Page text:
A second essential component of the inventive compositions is an elastomeric material, including without limitation silicone gums, polyisobutylene, natural rubbers, block-copolymer rubbers, and the like. There is essentially no restriction on the nature of the elastomer and any cosmetically suitable elastomer is contemplated to be useful in the practice of the invention.

In one embodiment, the elastomeric material will comprise a siloxane gum, in particular a polyorganosiloxane gum. While it is contemplated that any polyorganosiloxane gum will be suitable in the practice of the invention, the polyorganosiloxane gum will typically have the following general structure:

where R2 is selected, independently at each occurrence, from optionally substituted hydrocarbon groups containing from 1 to 10 carbon atoms, and in particular from optionally substituted alkyl, alkenyl, alkynyl, aryl, alkyl-aryl, or aryl-alkyl groups; preferably R2 is selected from optionally substituted branched, straight chain, or cyclic C1-6 alkyl or alkenyl groups, including without limitation, methyl, ethyl, propyl, isopropyl, butyl, isobutyl, t-butyl, amyl, hexyl, cyclohexyl, vinyl, allyl, and the like or C1-8 aryl, alkyl-aryl, or aryl-alkyl groups, including without limitation, phenyl, benzyl, tolyl, xylyl and the like;

wherein each of the foregoing R2 groups may include optional substitution by one or more heteroatoms, including oxygen, nitrogen, phosphorous, and halogen, particularly fluorine, as exemplified by fluoroalkyl (including perfluoroalkyl) groups, such as mono-, di-, and tri-fluoromethyl, perfluorophenyl, and the like, amino-substituted C1-6 alkyl groups, including those having the form —(CH2)1-6—NRN2 and —(CH2)1-6—NRN—(CH2)1-6—NN2 where RN is typically hydrogen, but may be methyl, ethyl, propyl, and the like; polyether groups including without limitation, polyethyleneoxide groups of the form —(CH2CH2O)n—, polypropylene oxide groups of the form —(CH(CH3)CH2O)n— and combinations thereof; and amine oxide, phosphate, hydroxyl, ester, and/or carboxylate functionalities, and the like;

and optionally wherein R2, at one or more occurrences, may be a group:

thereby introducing one or more branching points into polyorganosiloxane gum;

and wherein R3 is selected, independently at each occurrence, from hydrogen, hydroxyl, a group —R′, or a group —OR′; wherein R′ represents optionally substituted hydrocarbon radical having from 1 to 10 carbon atoms, including without limitation alkyl, alkenyl, alkynyl, aryl, alkyl-aryl, or aryl-alkyl groups, and preferably R′ is a branched, straight chain, or cyclic C1-6 alkyl group, including methyl, ethyl, propyl, isopropyl, butyl, t-butyl, amyl, hexyl, cyclohexyl and the like, optionally comprising one ore more heteroatoms, wherein each of the foregoing groups may include optional substitution by one or more heteroatoms, including oxygen, nitrogen, and halogen, particularly fluorine, as exemplified by fluoroalkyl (including perfluoroalkyl) groups, such as mono-, di-, and tri-fluoromethyl, perfluorophenyl, and the like, and in the case where the one or more heteroatoms include nitrogen, R′ may be and amino-substituted C1-6 alkyl group, including those having the form —(CH2)1-6—NRN2 and —(CH2)1-6—NRN—(CH2)1-6—NRN2 where RN is typically hydrogen, but may be methyl, ethyl, propyl, and the like;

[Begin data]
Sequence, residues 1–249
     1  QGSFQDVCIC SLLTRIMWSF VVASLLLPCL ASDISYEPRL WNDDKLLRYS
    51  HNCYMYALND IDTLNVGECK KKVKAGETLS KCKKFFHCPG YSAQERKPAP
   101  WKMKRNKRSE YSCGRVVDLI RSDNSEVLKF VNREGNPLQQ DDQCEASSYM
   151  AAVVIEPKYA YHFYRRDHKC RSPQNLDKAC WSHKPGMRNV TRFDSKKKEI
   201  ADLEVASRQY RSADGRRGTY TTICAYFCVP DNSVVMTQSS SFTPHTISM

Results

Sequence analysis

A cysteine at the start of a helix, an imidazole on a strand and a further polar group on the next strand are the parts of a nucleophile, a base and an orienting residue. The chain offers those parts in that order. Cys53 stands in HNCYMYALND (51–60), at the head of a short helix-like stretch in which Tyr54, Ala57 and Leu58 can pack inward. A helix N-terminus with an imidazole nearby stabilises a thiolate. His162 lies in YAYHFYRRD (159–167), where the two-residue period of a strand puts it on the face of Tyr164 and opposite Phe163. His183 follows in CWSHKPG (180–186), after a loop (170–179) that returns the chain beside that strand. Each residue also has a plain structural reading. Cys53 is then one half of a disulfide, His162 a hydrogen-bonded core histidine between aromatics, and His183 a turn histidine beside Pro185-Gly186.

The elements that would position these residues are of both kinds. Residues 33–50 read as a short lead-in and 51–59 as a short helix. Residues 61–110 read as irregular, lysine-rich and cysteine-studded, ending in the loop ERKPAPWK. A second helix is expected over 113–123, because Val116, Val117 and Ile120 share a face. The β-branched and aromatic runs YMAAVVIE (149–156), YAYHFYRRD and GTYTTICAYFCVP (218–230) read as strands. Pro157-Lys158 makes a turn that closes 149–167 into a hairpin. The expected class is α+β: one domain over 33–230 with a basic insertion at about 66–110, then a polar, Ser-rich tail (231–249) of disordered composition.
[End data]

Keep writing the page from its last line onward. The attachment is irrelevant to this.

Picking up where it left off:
and wherein n (and m if present) is an integer value selected to provide a polymer having a viscosity of about 500,000 to about 5,000,000 centistokes at 25° C.

In one embodiment, R2 and R3 are selected from the group consisting of methyl, ethyl, propyl, isopropyl, butyl, isobutyl, t-butyl, amyl, hexyl, and cyclohexyl, vinyl, allyl, phenyl, and combinations thereof. In a preferred embodiment all occurrences of R2 and R3 are methyl groups and the silicone gum is a polydimethylsiloxane (dimethicone). A representative polydimethylsiloxane silicone gum has the structure shown in Formula VI:

The polyorganosiloxane elastomeric material may include combinations of low molecular weight polymers (i.e., fluids), high molecular weight polymers (i.e., gums), and highly cross-linked silicones (i.e., resins). Combinations of the foregoing are suitable provided that the polyorganosiloxane material exhibit elastomeric properties characteristic of gums, i.e., the G′ storage modulus does not break down over a wide range of shear rates. These properties are enhanced where the polyorganosiloxane gum has a viscosity of from about 1,000,000 centistokes to about 3,500,000 centistokes when measure at 25° C. In a representative embodiment, the polyorganosiloxane gum has a viscosity of about 2,500,000 centistokes at 25° C. An example of suitable commercially available polyorganosiloxane gum is SE63 dimethicone gum from GE Silicones.

Other elastomers found to be suitable for inclusion in the inventive compositions include polyolefin polymer, including without limitation, polyisobutylenes. Polyisobutylenes may be prepared by cationic polymerization of isobutylene and will comprise repeat units as shown below: